Monday, June 18, 2012

The Ballad of Turtle Island

When we do a cultural tour for the State Dept. or an American Embassy, the schedule is packed full of events and the days are long. So when we are not performing or traveling, we are usually in search of food or rest.
We have a saying in the road. Eat when you can, sleep when you can....
because you probably won't have another chance.
That's why when we have a chance to go to a place like Turtle Island, we abandon our rest time and we seek adventure.

Turtle Islands National Park (Taman Negara Pulau Penyu) is located within the Turtle Islands, which lie in the Sulu Sea[1] some 40 kilometers north of Sandakan in Sabah, east Malaysia.[2] It consists of 3 islands - Selingaan, Bakkungan Kechil and Gulisaan (often spelt with -an instead of the traditional -aan), including the surrounding coral reefs and ocean. The Park is noted for its green turtles and hawksbill turtles which lay their eggs on the beaches of the islands. The Park covers an area of 17.4 km². The name Turtle Islands, however, refers to 10 islands, 3 of which are part of Turtle Islands National Park of Malaysia, and 7 which belongs to the Municipality of Turtle Islands, Tawi-Tawi, Philippines.

On 1 August 1966, the first turtle hatchery in Malaysia was established on Selingan, funded entirely by the Sabah state government. Turtle hatcheries on the remaining two islands followed shortly after. In 1972, Selingan, Bakkungan Kechil and Gulisan were designated as a Game and Bird Sanctuary. In 1977, this status was upgraded to that of a Marine Park. Permanent park staff monitor the turtles, protect the hacheries and tag the turtles for research purposes.

We took an hour boat ride from Sandakan Bay to Turtle island which is a shared resource between Malaysia and the Philippines. We had a police escort boat shadow us the whole way there and back. Johnny called it our Boatercade. Scott, Chew, Shavia, Jeffery, Josie and the guys in the band all were on board our little but fast boat. With so many US Emabssy and Municipal council members on board, I could understand the extra security precautions as we headed into the waters that are known for pirate activity.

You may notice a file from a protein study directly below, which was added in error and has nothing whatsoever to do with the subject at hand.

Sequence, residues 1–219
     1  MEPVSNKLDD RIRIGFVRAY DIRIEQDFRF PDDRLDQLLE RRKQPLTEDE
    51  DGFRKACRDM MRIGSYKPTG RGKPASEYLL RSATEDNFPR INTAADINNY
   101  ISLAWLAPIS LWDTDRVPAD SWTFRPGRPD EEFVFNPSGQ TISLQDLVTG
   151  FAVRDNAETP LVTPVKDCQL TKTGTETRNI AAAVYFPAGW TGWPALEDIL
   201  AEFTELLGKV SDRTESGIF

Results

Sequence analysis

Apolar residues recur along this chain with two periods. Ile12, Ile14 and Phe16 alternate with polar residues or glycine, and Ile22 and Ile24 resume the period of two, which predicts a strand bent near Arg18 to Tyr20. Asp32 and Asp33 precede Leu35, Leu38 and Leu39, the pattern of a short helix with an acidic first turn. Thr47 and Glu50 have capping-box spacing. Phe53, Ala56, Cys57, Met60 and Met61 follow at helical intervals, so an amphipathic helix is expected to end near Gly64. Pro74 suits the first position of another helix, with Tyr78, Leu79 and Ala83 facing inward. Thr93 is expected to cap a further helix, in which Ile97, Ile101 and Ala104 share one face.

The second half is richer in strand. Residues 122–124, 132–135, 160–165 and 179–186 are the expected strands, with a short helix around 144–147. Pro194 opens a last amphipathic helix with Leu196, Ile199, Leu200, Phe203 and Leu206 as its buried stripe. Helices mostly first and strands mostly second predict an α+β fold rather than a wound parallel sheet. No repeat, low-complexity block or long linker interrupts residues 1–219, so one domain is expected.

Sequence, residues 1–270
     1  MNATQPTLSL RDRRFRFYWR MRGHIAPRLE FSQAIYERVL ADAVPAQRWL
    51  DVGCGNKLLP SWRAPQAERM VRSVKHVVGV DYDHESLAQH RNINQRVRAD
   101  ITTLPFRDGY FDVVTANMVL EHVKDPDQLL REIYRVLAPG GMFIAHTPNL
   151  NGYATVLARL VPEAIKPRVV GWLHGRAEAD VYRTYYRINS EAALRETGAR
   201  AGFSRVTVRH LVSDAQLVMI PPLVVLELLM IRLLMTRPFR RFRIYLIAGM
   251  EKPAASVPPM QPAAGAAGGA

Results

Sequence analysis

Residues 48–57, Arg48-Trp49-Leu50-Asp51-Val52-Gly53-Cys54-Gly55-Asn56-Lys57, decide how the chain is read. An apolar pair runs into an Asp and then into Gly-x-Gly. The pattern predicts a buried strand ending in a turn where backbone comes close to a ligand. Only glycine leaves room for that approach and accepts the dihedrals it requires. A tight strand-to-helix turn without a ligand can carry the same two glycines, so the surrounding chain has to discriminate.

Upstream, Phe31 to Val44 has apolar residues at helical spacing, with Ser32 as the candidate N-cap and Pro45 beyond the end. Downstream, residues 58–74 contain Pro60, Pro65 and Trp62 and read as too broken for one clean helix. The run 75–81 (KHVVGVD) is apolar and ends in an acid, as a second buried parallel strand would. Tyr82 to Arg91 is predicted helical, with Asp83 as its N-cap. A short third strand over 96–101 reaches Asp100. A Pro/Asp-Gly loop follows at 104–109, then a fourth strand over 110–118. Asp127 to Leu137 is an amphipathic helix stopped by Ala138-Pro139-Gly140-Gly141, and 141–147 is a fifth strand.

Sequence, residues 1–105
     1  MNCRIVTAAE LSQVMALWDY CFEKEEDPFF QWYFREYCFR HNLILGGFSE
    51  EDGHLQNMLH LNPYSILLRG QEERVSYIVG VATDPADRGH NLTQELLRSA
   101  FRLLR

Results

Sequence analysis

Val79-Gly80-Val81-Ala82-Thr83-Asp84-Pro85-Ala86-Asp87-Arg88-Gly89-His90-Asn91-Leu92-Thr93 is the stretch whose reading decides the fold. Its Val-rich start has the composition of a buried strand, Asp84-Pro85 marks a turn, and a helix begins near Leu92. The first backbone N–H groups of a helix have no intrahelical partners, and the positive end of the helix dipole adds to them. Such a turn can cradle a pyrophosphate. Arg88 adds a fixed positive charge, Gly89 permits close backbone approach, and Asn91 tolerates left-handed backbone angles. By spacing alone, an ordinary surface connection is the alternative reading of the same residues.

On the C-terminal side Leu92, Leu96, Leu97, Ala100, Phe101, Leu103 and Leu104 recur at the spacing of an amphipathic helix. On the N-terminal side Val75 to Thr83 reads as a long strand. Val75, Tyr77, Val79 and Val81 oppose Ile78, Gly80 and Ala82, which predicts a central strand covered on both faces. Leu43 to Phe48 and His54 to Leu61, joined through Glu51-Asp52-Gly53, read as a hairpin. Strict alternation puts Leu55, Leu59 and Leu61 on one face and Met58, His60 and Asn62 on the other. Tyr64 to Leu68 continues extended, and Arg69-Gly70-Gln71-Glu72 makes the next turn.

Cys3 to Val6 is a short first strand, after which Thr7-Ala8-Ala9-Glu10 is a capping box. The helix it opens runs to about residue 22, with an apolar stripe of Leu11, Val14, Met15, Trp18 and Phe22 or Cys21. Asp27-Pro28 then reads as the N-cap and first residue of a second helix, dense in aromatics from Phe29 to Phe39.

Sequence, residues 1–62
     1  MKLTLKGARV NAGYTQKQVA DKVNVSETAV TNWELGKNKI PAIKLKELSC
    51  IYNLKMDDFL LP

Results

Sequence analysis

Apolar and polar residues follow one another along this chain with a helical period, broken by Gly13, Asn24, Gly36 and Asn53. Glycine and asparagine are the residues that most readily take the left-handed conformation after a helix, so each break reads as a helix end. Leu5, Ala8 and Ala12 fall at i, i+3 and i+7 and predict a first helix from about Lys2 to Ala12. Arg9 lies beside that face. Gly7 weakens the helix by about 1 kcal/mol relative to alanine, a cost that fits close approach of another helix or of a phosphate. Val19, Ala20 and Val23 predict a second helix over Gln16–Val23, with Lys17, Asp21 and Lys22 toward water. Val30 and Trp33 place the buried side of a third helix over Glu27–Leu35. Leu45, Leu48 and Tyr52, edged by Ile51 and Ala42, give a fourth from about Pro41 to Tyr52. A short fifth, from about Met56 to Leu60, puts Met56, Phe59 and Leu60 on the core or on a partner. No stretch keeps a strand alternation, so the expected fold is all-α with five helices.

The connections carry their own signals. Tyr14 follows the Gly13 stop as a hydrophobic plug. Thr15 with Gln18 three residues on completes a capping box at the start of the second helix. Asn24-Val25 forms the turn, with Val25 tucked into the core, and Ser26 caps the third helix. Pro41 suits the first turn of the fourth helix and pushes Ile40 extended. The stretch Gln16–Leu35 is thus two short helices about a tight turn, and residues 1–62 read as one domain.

When we arrived, they had set out a nice brunch of fruit and sandwiches and insisted we sit down and relax before heading upstairs to watch a movie about the plight of the Green turtles. The movie explained life of the turtle and the steps being taken to ensure greater chances for their survival. The turtles return after 15 years to the island when they are mature enough to find a mate.

We looked at all the things in the exhibit before heading outside to view the hatchery where the eggs are protected from predators until they hatch after 45-60 days. The female turtles come to shore and deposit between 40-100 eggs in a self dug sand pit. The island staff dig up the eggs and place them in rows of protected sand pits, where a temperature difference of 4 degrees can determine an all male or all female hatch.

We knew we were being given special treatment when they brought out that days hatchlings for us to see.
They would be released after dark to further ensure their survival and protection from the heat and the island's predictors such as birds, big lizards and rats. Each hatchling has a 1 in 10,000 chance in surviving and if they do survive, they can live up to 100 years.

Once released, the hatchlings instinctively head for the water and begin their perilous journey of survival.

We then had a few hours to go snorkeling off the beautiful island beach where we spotted all sorts of coral wonders below the surface.

Our hosts treated us to some fresh coconuts and I was marveling in all the island beauty and how great it was that we all had this time together.

I was speaking to one of the workers on the small island of about 1400 acres and I was telling him how amazingly beautiful it was and he said that he didn't notice the beauty anymore. We both agreed that often its easier to stay present when you first see something, before their is a mental labeling or judgement. But, eventually the mind sneaks back in and wants more than what is...
I said that I thought he lived in paradise and that i would love to live on an island like this one. He had lived and worked on Turtle island for 7 years and wondered why someone from NYC would ever want to live on this island. In the end we agreed that acceptence of where ever you are and of whatever unfolds in this moment, is paradise.
We thanked our Island hosts, said our goodbyes to Turtle Island and headed off in our boat to make the journey back to Sandakan. I pondered our trip home to NYC and wondered what might be next. I thought about the little turtles that would be heading to the shore later that evening to begin their journey into the unknown and though even though their odds were slim, we still could learn a lesson from their short lives. It's ok to let go of the need to know what happens next. The journey you are on is just as important as where you are going.

No comments:

Post a Comment